Despite all the confidence-inspiring propaganda from any and every mainstream talking-head, CEOs are cautious about the U.S. economy’s near-term prospects and are trimming business plans for hiring and capital investment over the next six months. According to The Business Roundtable, the CEO Economic Outlook Index tumbled 7.2 pts, from 81.3 in Q2 to 74.1 in Q3 with the disparity between CEO's employment perspective and the BLS 'augmented reality' having never been higher.
The real risk for the Federal Reserve is keeping interest rates at zero and the deflationary feedback from the collapse in commodity prices, and the Chinese economy trips the U.S. into a recession. Given that "QE" programs have no real effect on boosting economic growth, the Fed would be left with virtually no "effective" monetary policy tools with which to stabilize the economy. For the Fed, this is the worse possible outcome.
This past week has seen a continuation of market volatility unlike anything witnessed over the last several years. Of course, this volatility all coincides at a time where market participants are struggling with a global economic slowdown, pressures from China, collapsing oil prices, a lack of liquidity from the Federal Reserve and the threat of rising interest rates. It is a brew of ingredients that would have already likely toppled previous bull markets, and it is only by a hairsbreadth the current one continues to breathe.
While Fisher, among others, believes that the recent fall in inflation is solely due to collapsing energy and crop prices, the issue of weakening economic data on a global scale, particularly that of China, may suggest much less transient nature. As we stated previously, we think the Fed realizes that we are likely closer to the next recession than not. While raising interest rates may accelerate the pace to the next recession, it is better than being caught with rates at zero when it does occur.
The question on everyone's mind now is simply whether the correction is over, or is there more to come? The sharp "reflexive" rally that will occur this week is likely the opportunity to review portfolio holdings and make adjustments before the next decline. History clearly suggests that reflexive rallies are prone to failing and a retest of lows is common.
Similar to the US banks who funded home owners that shouldn’t have received mortgages and made a fortune doing so – at least initially, the Germans funded the periphery nations in an effort to drive output growth domestically. However, financing a large portion of ones’ customer purchases is a high risk endeavour. And the Germans are in the midst of this hard lesson.
When and what will break the chains on gold by those seemingly omnipotent forces that so assuredly keep its price in check? In essence, the belief is (and I expect for most honest and impartial analysts this is true) that because there is potentially significant downside risk to a global monetary system built upon a currency to which gold represents the proverbial kryptonite (we’ll discuss why), there are checks in place within the system, to ensure that kryptonite doesn’t become too potent. The architects of the existing system would have been foolish not to implement checks on gold.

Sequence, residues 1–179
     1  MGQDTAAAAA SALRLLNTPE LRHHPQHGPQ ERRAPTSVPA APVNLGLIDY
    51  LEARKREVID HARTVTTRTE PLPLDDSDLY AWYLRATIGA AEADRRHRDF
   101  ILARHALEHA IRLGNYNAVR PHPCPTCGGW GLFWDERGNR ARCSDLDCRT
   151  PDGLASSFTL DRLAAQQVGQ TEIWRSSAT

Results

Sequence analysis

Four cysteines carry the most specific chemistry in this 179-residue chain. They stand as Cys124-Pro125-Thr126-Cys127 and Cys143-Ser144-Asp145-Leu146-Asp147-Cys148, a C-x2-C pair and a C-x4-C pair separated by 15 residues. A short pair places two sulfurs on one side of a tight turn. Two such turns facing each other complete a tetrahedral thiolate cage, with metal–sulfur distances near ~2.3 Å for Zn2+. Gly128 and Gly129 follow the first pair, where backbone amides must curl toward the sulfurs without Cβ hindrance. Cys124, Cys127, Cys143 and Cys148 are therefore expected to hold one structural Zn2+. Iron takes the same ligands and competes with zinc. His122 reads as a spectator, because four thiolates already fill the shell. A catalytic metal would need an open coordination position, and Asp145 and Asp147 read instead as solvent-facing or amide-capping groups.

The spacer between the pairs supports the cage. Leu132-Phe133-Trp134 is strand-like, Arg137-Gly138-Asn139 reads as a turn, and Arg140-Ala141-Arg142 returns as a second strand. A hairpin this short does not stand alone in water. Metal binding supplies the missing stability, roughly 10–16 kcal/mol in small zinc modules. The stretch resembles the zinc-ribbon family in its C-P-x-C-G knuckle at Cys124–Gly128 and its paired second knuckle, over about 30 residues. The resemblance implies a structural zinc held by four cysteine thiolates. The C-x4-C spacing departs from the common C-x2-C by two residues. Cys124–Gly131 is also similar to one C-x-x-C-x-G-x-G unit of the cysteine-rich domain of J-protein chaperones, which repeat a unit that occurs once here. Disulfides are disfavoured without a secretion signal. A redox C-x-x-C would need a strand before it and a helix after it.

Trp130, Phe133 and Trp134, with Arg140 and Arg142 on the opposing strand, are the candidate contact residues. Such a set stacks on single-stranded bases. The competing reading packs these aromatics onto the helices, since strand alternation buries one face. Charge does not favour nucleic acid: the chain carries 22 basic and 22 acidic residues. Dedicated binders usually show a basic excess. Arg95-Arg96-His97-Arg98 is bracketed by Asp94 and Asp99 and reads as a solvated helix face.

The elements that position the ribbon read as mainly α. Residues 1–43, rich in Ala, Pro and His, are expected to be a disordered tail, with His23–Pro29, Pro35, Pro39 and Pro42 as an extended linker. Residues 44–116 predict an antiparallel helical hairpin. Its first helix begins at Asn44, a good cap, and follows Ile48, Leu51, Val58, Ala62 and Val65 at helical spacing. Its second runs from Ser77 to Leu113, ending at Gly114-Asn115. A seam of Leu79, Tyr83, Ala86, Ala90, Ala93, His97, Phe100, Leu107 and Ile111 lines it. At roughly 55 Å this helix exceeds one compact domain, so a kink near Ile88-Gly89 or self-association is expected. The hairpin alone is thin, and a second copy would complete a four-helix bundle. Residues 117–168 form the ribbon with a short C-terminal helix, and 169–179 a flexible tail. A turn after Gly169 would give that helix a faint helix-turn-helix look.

"To critics who warn that pumping trillions of dollars into the economy in a short period is bound to drive up inflation, today's central bankers point to stagnant consumer prices and say, 'Look, Ma, no inflation.' But this ignores the fact that when money is nominally free, strange things happen, and today record-low rates are fueling an unprecedented bout of inflation across asset prices."
Some folks have been dumpingglobal bonds again today (after disappointing retail sales in the US).But, can we just put the recent bump in interest rates into some perspective? Will the "bond bull" market eventually come to an end? Yes, eventually. However, the catalysts needed to create the type of economic growth required to drive interest rates substantially higher, as we saw previous to the 1960-70's, are simply not available today. This will likely be the case for many years to come as the Fed, and the administration, come to the inevitable conclusion that we are now caught within a "liquidity trap" along with the bulk of developed countries.
2010: The first full year of the recovery was a growth recession with a collapse in inventories (after the restocking was complete), and continued private sector deleveraging.
2011: There were a series of events, including the Japanese tsunami, spike in oil prices and US debt downgrade by S&P.
2012: The crisis in the Eurozone intensified with concerns over a Greek exit and a breakup of the Eurozone. The policy response abroad was lackluster and there were concerns of another financial crisis.
2013: The combination of the sequester, debt ceiling fight and government shutdown created an environment of heightened uncertainty and fiscal restraint.
2014: The polar vortex delayed economic activity and led to a permanent loss of growth.
2015: Rapid appreciation of the dollar and heightened uncertainty about the winners and losers from plunging oil prices has hurt growth. A small part of the weakness may be related to the weather and the dock strike.
Now that the Atlanta Fed has determined that the US economy did not grow in the first quarter of the year - because, well, it snowed - even though said snow did not prevent the US from raking up $100 billion in public debt through March 30 (and likely much more, however since the US has again hit its debt ceiling we won't know the real level of US debt until some time in October), we can formally summarize the two most important changes in the US economy in the first three months of the year. Here they are.